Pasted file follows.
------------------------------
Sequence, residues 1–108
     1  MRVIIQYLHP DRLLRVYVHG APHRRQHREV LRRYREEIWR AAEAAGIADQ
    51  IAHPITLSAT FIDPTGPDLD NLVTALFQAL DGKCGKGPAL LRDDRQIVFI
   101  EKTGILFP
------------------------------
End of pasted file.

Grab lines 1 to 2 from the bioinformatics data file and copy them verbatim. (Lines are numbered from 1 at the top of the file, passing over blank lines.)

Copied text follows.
Sequence, residues 1–108
     1  MRVIIQYLHP DRLLRVYVHG APHRRQHREV LRRYREEIWR AAEAAGIADQ